Senate Bill 902, authored by the home-and-yard hating state Sen. Scott Wiener, is even worse than his SB 50 neighborhood-bulldozing bill, which we all worked to kill TWICE. And SB 902 is far worse than Wiener’s demolition derby bill SB 827, which we all worked hard to successfully kill in 2018.
SB 902 requires no affordable units be built, yet it severely destabilizes working-class and middle-class single-family communities in almost all 400-plus cities and 58 counties in California.
With all households fearing for their future amidst the pandemic, Wiener doubles-down on another giant experiment — on all of us. We need to stop Wiener’s SB 902 cold.
Under SB 902, Wiener intends to hand land-use decisions directly to developers, empowering them to up-zone single-family parcels to 8-unit market rate projects in cities with more than 50,000 people (not “four-plexes” as wrongly reported by the Los Angeles Times and other badly decimated media). In smaller cities and towns, SB 902 would automatically up-zone single-family areas to six-units, fourplexes or duplex market-rate developments.
We estimate that SB 902 will destabilize 5 to 7 million homeowners, sharply drive up land (and thus housing) costs, and silence most public input about all of these ugly issues. With California households struggling to survive the economic crisis and the future unknown, Wiener’s move to invite wide-open land speculation and displacement is inexcusable.
Bullet Point Analysis — Reasons to Oppose SB 902:
- Medium-sized cities (10,000 to 50,000 pop.) will lose their single-family zoning to 6-unit market-rate apartments without local input or review. Large cities (50,000 and up) will lose their single-family-areas to 8-unit, market-rate projects without local input or review.
- Small municipalities including unincorporated areas will lose their single-family areas to market-rate fourplexes — not duplexes as stated in the body of the bill.
- Due to ADU law (state laws allowing granny flats), the stated upzoning in SB 902 to “duplexes” or “four-plexes” is not a true outcome. Granny flat laws will automatically doubles these densities, allowing 8-unit apartment buildings on almost all single family streets in cities of more than 50,000, an unprecedented experiment with people’s lives. How did the Los Angeles Times and most other media miss this crucial fact?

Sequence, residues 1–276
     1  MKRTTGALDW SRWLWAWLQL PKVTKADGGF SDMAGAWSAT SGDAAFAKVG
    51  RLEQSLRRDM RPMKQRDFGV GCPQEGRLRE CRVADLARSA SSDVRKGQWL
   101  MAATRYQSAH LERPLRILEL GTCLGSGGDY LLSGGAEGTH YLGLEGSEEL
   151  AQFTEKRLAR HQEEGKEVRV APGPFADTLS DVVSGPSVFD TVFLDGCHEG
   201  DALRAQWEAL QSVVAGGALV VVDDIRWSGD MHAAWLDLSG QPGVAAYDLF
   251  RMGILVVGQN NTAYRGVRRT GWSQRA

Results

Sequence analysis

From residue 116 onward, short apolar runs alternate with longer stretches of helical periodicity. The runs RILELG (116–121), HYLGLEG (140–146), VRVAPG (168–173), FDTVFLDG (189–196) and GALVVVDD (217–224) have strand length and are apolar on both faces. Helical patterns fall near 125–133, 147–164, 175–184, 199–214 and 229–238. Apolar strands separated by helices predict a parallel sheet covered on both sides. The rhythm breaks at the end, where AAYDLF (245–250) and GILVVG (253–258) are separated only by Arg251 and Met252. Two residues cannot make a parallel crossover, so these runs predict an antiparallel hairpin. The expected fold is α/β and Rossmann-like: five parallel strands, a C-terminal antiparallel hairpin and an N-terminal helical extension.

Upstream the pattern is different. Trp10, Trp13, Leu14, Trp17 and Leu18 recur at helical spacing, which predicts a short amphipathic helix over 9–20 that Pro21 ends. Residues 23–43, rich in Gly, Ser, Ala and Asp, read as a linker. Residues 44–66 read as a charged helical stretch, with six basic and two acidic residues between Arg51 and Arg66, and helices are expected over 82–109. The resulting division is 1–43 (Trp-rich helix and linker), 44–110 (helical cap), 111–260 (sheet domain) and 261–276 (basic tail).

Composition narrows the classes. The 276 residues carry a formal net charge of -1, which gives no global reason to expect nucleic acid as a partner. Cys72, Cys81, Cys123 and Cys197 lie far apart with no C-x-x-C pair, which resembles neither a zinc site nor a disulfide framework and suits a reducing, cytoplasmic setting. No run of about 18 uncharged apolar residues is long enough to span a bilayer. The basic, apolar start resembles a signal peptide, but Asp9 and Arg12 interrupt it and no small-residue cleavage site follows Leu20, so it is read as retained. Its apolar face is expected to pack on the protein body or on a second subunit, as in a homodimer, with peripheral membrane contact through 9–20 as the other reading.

In its convoluted and misleading second section of the bill, SB 902 creates yet another pathway to overrun single-family areas and in this case replace them with luxury 10-unit apartment projects. SB 902 achieves this by letting cities pass ordinances to rezone any parcel for a 10-unit project if the land is within SB 902’s vastly expanded “Transit-Rich” or vastly expanded “Jobs-Rich” areas, or is deemed “urban infill.”
- “Transit Rich” areas under SB 902 would apply to vast new swaths of California that Wiener dubs “high-quality bus corridors” because they have bus service every 15 minutes during rush hours. This bill creates new mile-wide “corridors” in which all single-family zoning could be upended to make way for 10-unit luxury apartments.
- “Jobs-Rich” areas, under SB 902, would be radically expanded from the current definition, to include any area in which constructing a 10-unit luxury project could, theoretically, at least on paper, “enable shorter commute times.” This would entail utterly unproven and untried region-wide guesswork by the Department of Housing and Community Development (HCD). In other words, a crapshoot.
In a nod to the upheaval this absurd Wiener bill will bring to California, SB 902 protects tenants from developer abuses under the Ellis Act, protects historic homes on the state or national register, and bans developers from using this law to build in high fire hazard severity zones. It makes a dubious promise to prevent demolition of rental housing that has been occupied in the previous seven years — an unenforceable concept in California.
These band-aids change almost nothing regarding the turmoil SB 902 would bring.